Member of the Privy Council (1914), Knight Grand Cross of the Order of St Michael and St George (1918) 

24 July 1913 — 17 September 1914 1 year, 55 days

Joseph Cook became Australia's sixth prime minister after the Liberal Party won the 1913 election.



7 December 1860
Staffordshire, England


17 September 1914
Sydney, New South Wales


Mary Cook



24 July 1913 — 17 September 1914 1 year, 55 days


Joseph Cook's political opponents often pointed out to him what they considered to be the fluid nature of his political principles. Cook had gone on a journey from trade unionist and Labour Party member to Commonwealth Liberal. Cook himself saw this as a natural progression for a self-made man.  


Joseph Cook walking on a pier

Photo: State Library of Victoria

Cook arrived in Australia in 1885 to join his brother-in-law to pursue mining prospects on offer in Lithgow, New South Wales. Cook soon became involved in union politics and in 1891 won the seat of Hartley in the New South Wales Parliament for Labour and became party leader in 1893.

This soured quickly after Cook accepted a ministry from his political opponent Free Trade Premier George Reid and he was denounced as the first of the Labour ‘rats’. Cook won the seat of Parramatta and entered the first Commonwealth Parliament in 1901. In 1908 Cook succeeded Reid as leader of the Liberal Free Trade Party and, in a significant achievement, secured ‘Fusion’ with Alfred Deakin’s Liberal Protectionist Party creating a single anti-Labour force.

After Deakin retired Cook became leader of the Liberal Party and won the 1913 election, but with a majority of one his term in office was short-lived. Cook came to the fore again when Labour split over conscription, becoming deputy leader in the Nationalist government of Billy Hughes. He resigned in 1921 to take up the position of High Commissioner in London.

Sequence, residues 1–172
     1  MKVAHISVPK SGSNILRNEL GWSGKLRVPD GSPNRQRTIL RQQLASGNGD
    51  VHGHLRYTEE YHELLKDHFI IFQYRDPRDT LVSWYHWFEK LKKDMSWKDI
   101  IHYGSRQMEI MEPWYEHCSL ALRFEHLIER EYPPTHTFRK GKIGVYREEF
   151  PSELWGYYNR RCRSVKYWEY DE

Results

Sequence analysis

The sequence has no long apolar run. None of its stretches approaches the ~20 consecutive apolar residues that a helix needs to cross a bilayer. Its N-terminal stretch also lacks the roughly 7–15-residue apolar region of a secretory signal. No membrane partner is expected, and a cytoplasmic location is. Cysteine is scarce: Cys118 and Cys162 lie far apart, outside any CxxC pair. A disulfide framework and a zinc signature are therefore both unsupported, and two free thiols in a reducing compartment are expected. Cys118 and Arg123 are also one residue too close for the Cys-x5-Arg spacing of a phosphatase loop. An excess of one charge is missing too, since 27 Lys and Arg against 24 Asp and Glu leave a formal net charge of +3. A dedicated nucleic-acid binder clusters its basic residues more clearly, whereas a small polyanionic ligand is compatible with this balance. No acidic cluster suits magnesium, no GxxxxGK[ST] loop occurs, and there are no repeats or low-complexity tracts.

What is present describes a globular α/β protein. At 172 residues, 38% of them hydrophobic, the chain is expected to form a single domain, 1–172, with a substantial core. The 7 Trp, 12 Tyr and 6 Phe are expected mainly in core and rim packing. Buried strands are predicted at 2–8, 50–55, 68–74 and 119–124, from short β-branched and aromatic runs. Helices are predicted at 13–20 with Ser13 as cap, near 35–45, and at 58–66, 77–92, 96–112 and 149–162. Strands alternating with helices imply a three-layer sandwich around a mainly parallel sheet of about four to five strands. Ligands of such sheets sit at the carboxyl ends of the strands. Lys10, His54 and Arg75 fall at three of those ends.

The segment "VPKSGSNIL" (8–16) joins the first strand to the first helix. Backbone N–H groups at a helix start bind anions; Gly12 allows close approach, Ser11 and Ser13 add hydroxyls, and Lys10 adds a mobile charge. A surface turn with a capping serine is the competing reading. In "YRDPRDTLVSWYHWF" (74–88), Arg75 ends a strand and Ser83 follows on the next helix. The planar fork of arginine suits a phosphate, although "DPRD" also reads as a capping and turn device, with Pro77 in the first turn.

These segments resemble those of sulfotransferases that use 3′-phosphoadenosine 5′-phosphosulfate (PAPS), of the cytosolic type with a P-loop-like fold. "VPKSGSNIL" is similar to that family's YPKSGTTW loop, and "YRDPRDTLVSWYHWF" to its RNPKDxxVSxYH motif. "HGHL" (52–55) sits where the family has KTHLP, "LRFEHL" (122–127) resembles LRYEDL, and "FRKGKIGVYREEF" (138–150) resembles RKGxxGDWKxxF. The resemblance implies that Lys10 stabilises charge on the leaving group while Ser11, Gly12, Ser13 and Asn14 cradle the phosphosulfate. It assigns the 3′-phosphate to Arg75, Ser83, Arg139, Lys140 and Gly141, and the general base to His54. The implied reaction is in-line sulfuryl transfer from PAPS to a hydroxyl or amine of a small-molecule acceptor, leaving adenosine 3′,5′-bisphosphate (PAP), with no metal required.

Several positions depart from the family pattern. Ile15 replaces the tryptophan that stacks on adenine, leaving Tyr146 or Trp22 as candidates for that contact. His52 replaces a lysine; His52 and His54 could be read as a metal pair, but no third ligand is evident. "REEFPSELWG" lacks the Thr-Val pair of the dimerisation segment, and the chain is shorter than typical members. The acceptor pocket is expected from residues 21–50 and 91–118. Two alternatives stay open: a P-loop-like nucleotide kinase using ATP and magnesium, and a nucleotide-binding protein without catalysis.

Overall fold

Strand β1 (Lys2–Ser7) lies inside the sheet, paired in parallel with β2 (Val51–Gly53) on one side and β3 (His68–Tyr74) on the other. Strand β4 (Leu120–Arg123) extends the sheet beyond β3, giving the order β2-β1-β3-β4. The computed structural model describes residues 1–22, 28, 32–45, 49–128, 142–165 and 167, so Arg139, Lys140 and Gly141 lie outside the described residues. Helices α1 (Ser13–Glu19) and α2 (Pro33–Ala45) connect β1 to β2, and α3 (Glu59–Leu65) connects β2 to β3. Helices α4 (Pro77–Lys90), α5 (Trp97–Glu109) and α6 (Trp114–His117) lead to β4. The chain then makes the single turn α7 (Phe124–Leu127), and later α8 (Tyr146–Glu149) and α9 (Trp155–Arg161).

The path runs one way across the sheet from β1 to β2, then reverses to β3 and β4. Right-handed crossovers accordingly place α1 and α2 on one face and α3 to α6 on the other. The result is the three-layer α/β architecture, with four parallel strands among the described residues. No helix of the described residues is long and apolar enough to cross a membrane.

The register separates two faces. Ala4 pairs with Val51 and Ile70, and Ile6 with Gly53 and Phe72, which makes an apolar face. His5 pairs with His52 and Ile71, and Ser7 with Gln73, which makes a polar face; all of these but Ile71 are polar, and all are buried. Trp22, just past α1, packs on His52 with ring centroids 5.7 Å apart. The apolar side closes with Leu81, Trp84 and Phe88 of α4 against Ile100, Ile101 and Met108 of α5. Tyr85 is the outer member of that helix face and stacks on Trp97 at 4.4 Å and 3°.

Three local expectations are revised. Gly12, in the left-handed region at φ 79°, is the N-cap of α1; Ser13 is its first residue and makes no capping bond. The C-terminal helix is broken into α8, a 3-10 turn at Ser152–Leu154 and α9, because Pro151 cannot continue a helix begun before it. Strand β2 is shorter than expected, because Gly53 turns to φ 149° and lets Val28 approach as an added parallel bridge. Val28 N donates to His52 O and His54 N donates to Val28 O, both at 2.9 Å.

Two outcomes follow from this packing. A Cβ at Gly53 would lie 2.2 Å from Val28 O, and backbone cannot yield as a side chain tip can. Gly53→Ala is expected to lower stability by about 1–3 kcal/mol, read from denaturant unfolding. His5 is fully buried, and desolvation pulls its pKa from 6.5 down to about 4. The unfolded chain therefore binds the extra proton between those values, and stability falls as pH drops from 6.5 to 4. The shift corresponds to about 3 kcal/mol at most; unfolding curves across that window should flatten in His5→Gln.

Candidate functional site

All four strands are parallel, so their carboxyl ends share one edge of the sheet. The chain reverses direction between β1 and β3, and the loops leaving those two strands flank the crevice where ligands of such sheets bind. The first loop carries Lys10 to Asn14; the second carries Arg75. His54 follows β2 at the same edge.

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The Cook Government won the 1913 election with only a single seat majority in the House and was decisively outnumbered in the Senate. Cook knew it was unlikely he would be able to enact his legislative program and sought a double dissolution election to break the deadlock.

As part of his strategy to provoke Labour resistance in the Senate he proposed legislation to abolish preferences for trade unionists in government employment and a plan to reintroduce postal voting for federal elections. After the Senate rejected the Preference Prohibition Bill for the second time, Cook put his case for a double dissolution to the Governor-General Sir Ronald Munro-Ferguson.

At that point the vice-regal discretionary powers had not been tested and Munro-Ferguson sought the advice of the Chief Justice Sir Samuel Griffith. Cook was granted the first double dissolution of Parliament on 8 June 1914 and the election was set for 5 September 1914. The upcoming campaign would be dominated Australia’s entry into the First World War. 

A man stands on a soap box surrounded by people. Joseph Cook looks at him from the crowd.

Photo: NAA